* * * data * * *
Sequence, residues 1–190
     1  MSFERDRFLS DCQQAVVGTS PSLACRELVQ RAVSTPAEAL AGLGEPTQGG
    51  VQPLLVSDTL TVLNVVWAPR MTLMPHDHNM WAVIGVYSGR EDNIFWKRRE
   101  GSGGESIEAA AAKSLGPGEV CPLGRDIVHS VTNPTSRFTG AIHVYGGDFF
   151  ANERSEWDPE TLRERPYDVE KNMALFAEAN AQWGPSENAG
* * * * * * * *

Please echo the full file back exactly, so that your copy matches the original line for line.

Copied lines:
Sequence, residues 1–190
     1  MSFERDRFLS DCQQAVVGTS PSLACRELVQ RAVSTPAEAL AGLGEPTQGG
    51  VQPLLVSDTL TVLNVVWAPR MTLMPHDHNM WAVIGVYSGR EDNIFWKRRE
   101  GSGGESIEAA AAKSLGPGEV CPLGRDIVHS VTNPTSRFTG AIHVYGGDFF
   151  ANERSEWDPE TLRERPYDVE KNMALFAEAN AQWGPSENAG